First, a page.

I caught Paul Thomas Anderson's Inherent Vice, which is an adaptation of a novel by Thomas Pynchon. I really loved this movie and can't really explain why. Yes, it's hard to follow like Pynchon novels seem to be (I'm halfway through Bleeding Edge, slowly moving along), but I found once you give in to the madness it can really be enjoyable. Overall it was an excellent story of paranoia in a time where the counter-culture was blending with the mainstream yet there were still too much drug use involved. I may have to see it again while it's in theaters. Also saw The Long Goodbye for the first time which was equally amazing.
Also had a mini-David Fincher marathon: The Game, Se7en and Zodiac. It was the first time I had seen The Game and thought it was great. Surprised that it isn't mentioned more compared to his other films. Speaking of Fincher:
Broad City is back and better than ever. That is all.
My collegues at Grand Round Table and I hosted Philly's version of the Gopher Gala at Indy Hall. It was a fun time and a great opportunity to emerse myself more in Go, which I am getting more comfortable with. My original idea turned out to big too big of an undertaking for a weekend (and included too much OAuth) so I ended up making pitchfork, a CLI to music reviews and news on Pitchfork.com. Still a work in progress but I think it's neat.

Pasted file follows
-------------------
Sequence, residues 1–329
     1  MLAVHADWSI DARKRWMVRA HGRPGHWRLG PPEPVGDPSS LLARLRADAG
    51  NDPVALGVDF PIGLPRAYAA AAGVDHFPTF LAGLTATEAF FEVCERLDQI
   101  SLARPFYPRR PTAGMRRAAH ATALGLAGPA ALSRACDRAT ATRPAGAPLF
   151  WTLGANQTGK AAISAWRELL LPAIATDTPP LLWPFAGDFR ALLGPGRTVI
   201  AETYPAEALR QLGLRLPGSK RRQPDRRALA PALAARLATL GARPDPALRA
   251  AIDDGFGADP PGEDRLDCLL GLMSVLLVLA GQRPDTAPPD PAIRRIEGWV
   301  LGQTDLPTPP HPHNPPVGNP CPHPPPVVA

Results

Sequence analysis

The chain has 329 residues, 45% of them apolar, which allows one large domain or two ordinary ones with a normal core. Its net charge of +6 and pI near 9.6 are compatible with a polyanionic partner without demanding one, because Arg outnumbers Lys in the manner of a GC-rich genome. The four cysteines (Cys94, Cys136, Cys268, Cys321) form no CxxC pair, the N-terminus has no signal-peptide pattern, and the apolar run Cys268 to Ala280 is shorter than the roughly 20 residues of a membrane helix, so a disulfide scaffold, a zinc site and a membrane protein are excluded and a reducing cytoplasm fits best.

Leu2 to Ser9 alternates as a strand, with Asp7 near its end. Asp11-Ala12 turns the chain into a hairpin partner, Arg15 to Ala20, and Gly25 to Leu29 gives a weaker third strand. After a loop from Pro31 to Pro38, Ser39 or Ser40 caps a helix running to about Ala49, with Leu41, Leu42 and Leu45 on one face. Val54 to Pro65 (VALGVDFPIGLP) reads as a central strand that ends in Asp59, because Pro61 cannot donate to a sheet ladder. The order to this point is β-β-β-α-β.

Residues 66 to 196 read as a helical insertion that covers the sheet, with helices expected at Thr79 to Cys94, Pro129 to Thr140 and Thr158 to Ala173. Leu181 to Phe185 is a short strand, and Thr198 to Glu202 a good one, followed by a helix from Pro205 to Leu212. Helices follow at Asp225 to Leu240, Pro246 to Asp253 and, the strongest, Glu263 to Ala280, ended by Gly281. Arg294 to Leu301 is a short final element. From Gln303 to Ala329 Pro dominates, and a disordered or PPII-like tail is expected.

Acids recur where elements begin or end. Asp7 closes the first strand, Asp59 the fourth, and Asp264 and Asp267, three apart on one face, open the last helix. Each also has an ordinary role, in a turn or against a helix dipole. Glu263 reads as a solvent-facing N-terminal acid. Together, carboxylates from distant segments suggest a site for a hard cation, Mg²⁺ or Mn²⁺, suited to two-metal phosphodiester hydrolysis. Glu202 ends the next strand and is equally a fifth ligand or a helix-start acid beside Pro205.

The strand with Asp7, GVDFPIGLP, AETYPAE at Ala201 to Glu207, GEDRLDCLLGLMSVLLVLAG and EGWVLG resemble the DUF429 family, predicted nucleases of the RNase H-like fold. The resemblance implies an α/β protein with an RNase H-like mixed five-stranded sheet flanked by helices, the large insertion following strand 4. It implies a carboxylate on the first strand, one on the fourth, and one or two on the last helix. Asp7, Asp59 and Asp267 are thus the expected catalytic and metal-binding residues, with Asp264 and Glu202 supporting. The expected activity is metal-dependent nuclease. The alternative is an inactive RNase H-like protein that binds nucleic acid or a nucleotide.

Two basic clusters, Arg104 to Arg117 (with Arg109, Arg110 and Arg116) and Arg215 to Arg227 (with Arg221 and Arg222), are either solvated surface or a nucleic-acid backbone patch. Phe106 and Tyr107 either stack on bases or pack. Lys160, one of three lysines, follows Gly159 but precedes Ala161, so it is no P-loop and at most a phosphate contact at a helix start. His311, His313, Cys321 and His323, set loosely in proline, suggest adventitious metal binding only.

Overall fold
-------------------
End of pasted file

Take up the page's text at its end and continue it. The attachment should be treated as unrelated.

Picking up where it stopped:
At the beginning of the month I started a Basic Drawing class at Fleischer that is still ongoing. I rarely ever draw because I'm not good at it and this class is my attempt to change that. I'm surprised with my progress so far and it has really opened up how I see depth, light and shadow when I look at things. More about this later.
Finished A Prayer for the City, Buzz Bissinger insider's account of Ed Rendell's first term as Philadelphia mayor. Sprinkled within tales of the political machine (some which are funny) are stories of normal Philadelphia citizens attempting to survive in a post-industrial, economically struggling city. The book really is a love story on the idea of a city and posits that they are important and worth saving no matter what federal and state funding may think. Essential reading for anyone that loves Philadelphia and for me it was a little strange to read the author's descriptions of landmarks like City Hall and Kelly Drive that I know really well. I suspect Bissinger's dramatic style gives Rendell a little too much credit for turning Philadelphia around, but some of the accomplishments from his time as mayor are still benefiting Philadelphia today. I would love to read a similar book recapping Michael Nutter's administration.
The forgotten history of how automakers invented the crime of "jaywalking": While extremely interesting, this story isn't particularly surprising to me. It's not a huge leap to see that as the car industry grew, they took action politically and culturally to ensure that automobiles were the dominant force on the streets. The word "pedestrian" itself is problematic because its other definition is "lacking in vitality, imagination, distinction, etc.; commonplace; prosaic or dull", or, the opposite of driving in most people's minds.